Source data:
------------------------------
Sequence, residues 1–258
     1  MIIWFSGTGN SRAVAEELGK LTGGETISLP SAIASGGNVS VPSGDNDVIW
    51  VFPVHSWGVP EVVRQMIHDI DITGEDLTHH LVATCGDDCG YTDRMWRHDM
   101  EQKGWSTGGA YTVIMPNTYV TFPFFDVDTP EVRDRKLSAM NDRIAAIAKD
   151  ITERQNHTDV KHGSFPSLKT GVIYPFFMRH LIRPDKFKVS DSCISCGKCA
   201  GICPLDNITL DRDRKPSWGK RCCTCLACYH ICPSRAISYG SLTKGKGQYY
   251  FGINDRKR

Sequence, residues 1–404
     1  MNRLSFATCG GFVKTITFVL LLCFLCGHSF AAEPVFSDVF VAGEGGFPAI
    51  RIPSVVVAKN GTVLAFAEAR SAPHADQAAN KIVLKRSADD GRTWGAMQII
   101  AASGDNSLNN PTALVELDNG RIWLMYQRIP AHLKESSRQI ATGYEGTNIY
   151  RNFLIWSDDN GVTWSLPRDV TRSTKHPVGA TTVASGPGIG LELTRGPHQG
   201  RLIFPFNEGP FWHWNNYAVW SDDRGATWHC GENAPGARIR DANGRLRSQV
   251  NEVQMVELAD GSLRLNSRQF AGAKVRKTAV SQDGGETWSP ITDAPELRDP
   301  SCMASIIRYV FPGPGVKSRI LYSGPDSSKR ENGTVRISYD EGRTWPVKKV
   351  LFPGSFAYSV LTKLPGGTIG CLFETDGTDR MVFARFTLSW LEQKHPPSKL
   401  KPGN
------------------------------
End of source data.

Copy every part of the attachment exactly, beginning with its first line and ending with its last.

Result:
Sequence, residues 1–258
     1  MIIWFSGTGN SRAVAEELGK LTGGETISLP SAIASGGNVS VPSGDNDVIW
    51  VFPVHSWGVP EVVRQMIHDI DITGEDLTHH LVATCGDDCG YTDRMWRHDM
   101  EQKGWSTGGA YTVIMPNTYV TFPFFDVDTP EVRDRKLSAM NDRIAAIAKD
   151  ITERQNHTDV KHGSFPSLKT GVIYPFFMRH LIRPDKFKVS DSCISCGKCA
   201  GICPLDNITL DRDRKPSWGK RCCTCLACYH ICPSRAISYG SLTKGKGQYY
   251  FGINDRKR

Sequence, residues 1–404
     1  MNRLSFATCG GFVKTITFVL LLCFLCGHSF AAEPVFSDVF VAGEGGFPAI
    51  RIPSVVVAKN GTVLAFAEAR SAPHADQAAN KIVLKRSADD GRTWGAMQII
   101  AASGDNSLNN PTALVELDNG RIWLMYQRIP AHLKESSRQI ATGYEGTNIY
   151  RNFLIWSDDN GVTWSLPRDV TRSTKHPVGA TTVASGPGIG LELTRGPHQG
   201  RLIFPFNEGP FWHWNNYAVW SDDRGATWHC GENAPGARIR DANGRLRSQV
   251  NEVQMVELAD GSLRLNSRQF AGAKVRKTAV SQDGGETWSP ITDAPELRDP
   301  SCMASIIRYV FPGPGVKSRI LYSGPDSSKR ENGTVRISYD EGRTWPVKKV
   351  LFPGSFAYSV LTKLPGGTIG CLFETDGTDR MVFARFTLSW LEQKHPPSKL
   401  KPGN